Cross Pollination, 2012-13. Wallpaper Installation

The installation, Cross-Pollination (II), questions our assumptions about the disorder of nature and the sterility of human bodies and spaces, finding whimsy, design, and beauty among the apparent chaos. Bees emerge from vents and pipes in the gallery space, dismantling the filigree pattern to interpose their own structure on the walls, yet periodically also coming to rest within the geometry of the pattern. The pattern, honeycomb, and bees, are all composed of the same natural detritus - dried flower stems and stamen, bug parts, and human hair.

The altered photographs in the room suggest a similar story happening outside the walls of the gallery, further blurring the lines between outside and in, chaos and order, but also history and present. The grouping of photographs brings together images of Victorians with 19th century images of Arabs and North African landscapes. Insects and other natural detritus consume the faces and bodies of the sitters, transforming their hair into chaotic swarms, or subsuming surrounding spaces. The swarms and drifts point to the relationship between chaos and design in nature, but also become metaphors for expressing that same balance between order and entropy within our own bodies.

Installation views: Cross Pollination, The Print Center, Philadelphia, PA


Colony, 2010. Archival Pigment Prints

The series of prints, Colony, pairs altered portraits of 19th century Westerners with altered Orientalist postcards taken and traded by Westerners in the Colonial era. The themes of sensuality, concealment, and exposure, already implicit in Victorian and Orientalist imagery, are taken here to an absurd degree. The comparisons play with assumptions regarding the colonizer and subject. Here, the insects are the invaders, modestly cloaking the body of “Une Belle Morocain”, or burying a Victorian man in the chaotic swarm of his own beard.

The process involved in making these prints includes digital and manual means. The swarms are created by gluing flies directly onto a print of an antique photograph or postcard. The collage is then scanned, and reprinted. Many of the prints are composed of two prints with different surfaces to mimic Victorian cabinet cards or a page from an antique photo album.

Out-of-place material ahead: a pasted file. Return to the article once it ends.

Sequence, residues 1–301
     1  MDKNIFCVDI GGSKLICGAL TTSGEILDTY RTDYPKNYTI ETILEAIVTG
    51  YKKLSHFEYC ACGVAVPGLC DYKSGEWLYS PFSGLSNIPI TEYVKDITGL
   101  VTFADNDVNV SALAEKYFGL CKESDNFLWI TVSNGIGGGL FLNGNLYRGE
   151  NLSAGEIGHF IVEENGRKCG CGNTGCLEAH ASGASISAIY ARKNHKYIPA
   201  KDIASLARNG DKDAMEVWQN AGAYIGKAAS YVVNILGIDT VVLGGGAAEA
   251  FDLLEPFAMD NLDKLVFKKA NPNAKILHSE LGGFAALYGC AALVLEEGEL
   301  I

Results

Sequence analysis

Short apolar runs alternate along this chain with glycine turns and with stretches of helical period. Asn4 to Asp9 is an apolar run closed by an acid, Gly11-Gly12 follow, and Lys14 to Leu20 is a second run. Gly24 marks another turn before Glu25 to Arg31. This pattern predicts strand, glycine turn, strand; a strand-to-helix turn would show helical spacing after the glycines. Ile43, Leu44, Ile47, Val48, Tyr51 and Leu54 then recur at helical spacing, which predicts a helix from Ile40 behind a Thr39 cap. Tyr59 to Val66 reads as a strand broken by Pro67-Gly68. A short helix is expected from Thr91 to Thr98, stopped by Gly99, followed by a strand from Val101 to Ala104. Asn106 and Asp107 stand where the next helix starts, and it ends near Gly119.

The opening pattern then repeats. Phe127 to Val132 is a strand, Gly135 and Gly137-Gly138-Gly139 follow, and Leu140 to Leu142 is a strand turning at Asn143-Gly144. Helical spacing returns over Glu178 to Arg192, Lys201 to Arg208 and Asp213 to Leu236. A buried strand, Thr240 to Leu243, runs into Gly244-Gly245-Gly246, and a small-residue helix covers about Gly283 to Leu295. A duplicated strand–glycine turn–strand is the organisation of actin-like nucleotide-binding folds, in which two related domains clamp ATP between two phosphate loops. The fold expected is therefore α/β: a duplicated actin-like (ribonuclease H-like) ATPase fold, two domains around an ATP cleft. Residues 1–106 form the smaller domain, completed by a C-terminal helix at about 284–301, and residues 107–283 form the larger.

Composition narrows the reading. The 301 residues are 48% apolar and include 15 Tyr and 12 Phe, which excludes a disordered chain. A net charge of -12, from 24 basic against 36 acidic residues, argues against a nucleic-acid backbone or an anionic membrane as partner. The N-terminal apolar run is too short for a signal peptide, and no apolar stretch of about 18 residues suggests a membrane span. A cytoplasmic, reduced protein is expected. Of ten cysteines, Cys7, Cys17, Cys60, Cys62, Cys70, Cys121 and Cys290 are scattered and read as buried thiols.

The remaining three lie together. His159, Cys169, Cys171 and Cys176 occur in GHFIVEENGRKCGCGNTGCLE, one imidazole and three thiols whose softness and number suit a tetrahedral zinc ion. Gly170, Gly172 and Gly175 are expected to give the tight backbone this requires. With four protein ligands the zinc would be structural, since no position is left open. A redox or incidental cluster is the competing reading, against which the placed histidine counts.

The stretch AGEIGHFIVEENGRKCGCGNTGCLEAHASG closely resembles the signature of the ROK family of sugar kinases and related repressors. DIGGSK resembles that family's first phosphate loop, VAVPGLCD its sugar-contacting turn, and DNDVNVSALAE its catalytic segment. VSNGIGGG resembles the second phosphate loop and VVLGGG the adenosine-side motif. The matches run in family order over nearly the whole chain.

Installation views: Colony, Electric Works, San Francisco, CA


Coiffed: A Typology of Entropic Variations, 2008
Archival Pigment Prints, Each 5" x 8"

In my series, Coiffed: A Typology of Entropic Variations, the swarming beards and hairstyles take our attempts to control our bodies to an absurd degree, with a playful exaggeration of the quotidian frustration of taming our hair. The identity of the sitter is eclipsed by his or her hair, which takes on a life of its own in the form of a swarm of insects. In contrast to the classic carnival act in which a tamed bee swarm envelops the face of a performer, here the swarms grow; run wild; start to conform; then run wild once more. Even as we attempt to impose our will on nature, these insects impose their anarchy on us.

Installation Views: (dis)-order, Delaware Center for Contemporary Arts, Wilmington, DE (Images 1-3) and Private Collection (Image 4).


Infestation, 2006
Sixteen Archival Pigment Prints, Each 17" x 17"

In this series based on a Victorian typology of facial hairstyles, hair is replaced by a swarm of flies that seem to subtly vibrate in an abject mass. The shapes, ranging from the familiar “Boxed Beard” to the absurd “Houlihee,” are playful illustrations of the sculpting of body hair, and the taming of unfettered growth. Juxtaposed against this careful manicuring, the potential for disorder and deterioration is suggested by the flies that hover around the periphery of the shapes.

Installation view: Painted Bride Art Center, Philadelphia, PA.